By Mary McDaniel
We’d heard rumors going around at the OK Free- Wheel camp the day before that some of the guys were taking bets on who’d actually call it off before the big ceremony on 6/9/09. One guy said he was betting it would be the bride. He just didn’t realize at the time that he was talking to the groom to be. The pre-wedding night outing in Cordell would include me, Kurt & my little sister, Amy, watching the movie, “The Ghosts of Girlfriends Past”, which at the time seemed a fitting title for such an occasion. That spurred the comment from many, “Just say the word and I can get you out of this.” I was even called the “Ride-Away Bride” that morning as we departed camp on our bikes. But wait. I’m getting ahead of myself. Let’s go back to 4/2/06 and a weekend tour that was called the “Tour of the Ring” (www.crazyguyonabike.com/doc/?o=3Tzut&doc_id=3056&v=2P).
While breaking camp that morning on one of our first self-contained tours together, I failed to notice a little white box sitting on the table, amongst the other breakfast & camping items. Kurt had to point it out to me in a round-a-bout way before I even realized it was there. The proposal came shortly afterward, followed by a resounding, “yes”. Little did we know at the time that the “big day” wouldn’t actually come around for another 3 years.
Six months before the big event the planning had already commenced. It had to be bike related, but where? I (Mary) was not interested at all in a Vegas wedding, although Kurt did try his best to influence me in that direction. That option eliminated, we entertained the idea of doing it on OK Free- Wheel. One obstacle arose. We wouldn’t even know the route for a few more months, and that made choosing the location impossible. So we waited until the route was announced, and the planning really stepped into high gear. Ideally, we wanted all of the FreeWheelers to be included in the wedding, so a location with a football field would have been perfect. Unfortunately, that didn’t look like it was going to work out. Kurt had done essentially the same route on FreeWheel five years prior, and remembered Cheyenne being a perfect little town. He particularly remembered how friendly and helpful the folks of that town were. And there were several sight-seeing locales that friends & family coming from out of town could enjoy.
We called the city and found out the name of a contact that could help us with all of the arrangements. Her name was Judy Tracy. After just one phone call, she was emailing us with digital photos of the chapel from every possible angle, and giving us all the necessary information. She even volunteered to arrange for singers if we wanted and a sound system. Furthermore, she said we could hold our reception in the museum just next door to the chapel. The foundation was laid, and the remaining details were eventually completed. We would invite close friends and family members to the Croton Creek Guest Ranch for dinner before the ceremony.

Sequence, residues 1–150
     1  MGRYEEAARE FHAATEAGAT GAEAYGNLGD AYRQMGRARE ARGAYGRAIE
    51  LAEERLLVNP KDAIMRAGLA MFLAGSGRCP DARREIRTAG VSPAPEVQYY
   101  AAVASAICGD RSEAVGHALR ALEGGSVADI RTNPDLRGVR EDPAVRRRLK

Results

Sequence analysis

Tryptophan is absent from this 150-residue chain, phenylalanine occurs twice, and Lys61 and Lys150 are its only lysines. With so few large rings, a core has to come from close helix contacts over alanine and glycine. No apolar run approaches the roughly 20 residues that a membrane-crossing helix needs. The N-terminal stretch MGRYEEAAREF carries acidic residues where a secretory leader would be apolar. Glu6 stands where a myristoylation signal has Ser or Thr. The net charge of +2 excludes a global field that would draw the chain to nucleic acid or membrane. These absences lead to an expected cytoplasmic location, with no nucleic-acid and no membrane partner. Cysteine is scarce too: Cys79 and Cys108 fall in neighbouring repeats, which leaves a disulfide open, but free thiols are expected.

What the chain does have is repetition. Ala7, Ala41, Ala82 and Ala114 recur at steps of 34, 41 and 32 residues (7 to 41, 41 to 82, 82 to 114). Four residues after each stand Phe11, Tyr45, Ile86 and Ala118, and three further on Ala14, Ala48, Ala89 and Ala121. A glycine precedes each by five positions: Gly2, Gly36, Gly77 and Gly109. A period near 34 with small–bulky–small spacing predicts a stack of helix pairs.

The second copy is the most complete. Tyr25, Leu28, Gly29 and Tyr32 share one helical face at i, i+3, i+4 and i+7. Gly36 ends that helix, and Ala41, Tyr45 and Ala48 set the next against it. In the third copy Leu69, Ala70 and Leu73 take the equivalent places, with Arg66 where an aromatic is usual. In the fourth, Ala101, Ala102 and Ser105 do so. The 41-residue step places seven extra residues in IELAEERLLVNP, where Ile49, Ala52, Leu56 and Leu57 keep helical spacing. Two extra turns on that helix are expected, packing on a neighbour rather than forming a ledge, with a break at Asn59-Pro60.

We both agreed that we wanted to ride all week, despite the wedding. We decided to ride our single bikes each leading up to the wedding, then ride our tandem bike for the remaining part of the week. One other really fun aspect of the wedding was the fact that it fell on “Crazy Day,” which is when the riders dress up in crazy-wear & attempt to win a $5.00 gift card to Braums for having the craziest outfit. Kurt ordered a “tuxedo” bicycle jersey & I put something together that resembled a bicycle version of wedding attire. We arose early that day & rode 66 miles in 95 degree temps & over many (not mini) hills before reaching Cheyenne at around 12:30 pm that afternoon. We’d become concerned about making it to Cheyenne in time at one point when we realized that every time we stopped we were bombarded by at least 5-10 cyclists requesting to take our picture. After a quick bite to eat, thanks to my brother who was meeting us with a car full of necessary wedding items, it was off to our chateau at Croton Creek to get ready for the evening.
After dinner with our family and friends, we moved to the little chapel. Kurt had prepared a slide show of childhood and biking/hiking photos (together with bicycle music of course!) to play before the wedding. Kurt walked in to the chapel with his single bike & passed it to his best man/brother, Dean. Then I walked down the isle with my single bike & passed it to my bridesmaid/niece, Britnee. Our tandem was set up behind the minister in the front of the chapel. The minister performing the ceremony was also a cyclist that we’d met on Free- Wheel 2008, the Rev. Amy Venable from St. Stephens United Methodist Church in Norman. She was also riding FreeWheel this year.
After the ceremony we walked down the isle with our tandem, mounted it, and rode around camp to cheering FreeWheelers. We had a bicycle topped wedding cake afterward, with complimentary Gatorade, that we shared with any FreeWheeler that wanted to come by the museum.
We’ve now completed the entire ride across the state, and it will be one that we will of course never forget! The media seemed to think our idea of the perfect wedding was unique, as we were interviewed &/or photographed by two different newspapers and a television station. Oh, and be sure to ask Kurt for a look at his bicycle inspired wedding ring next time you see him.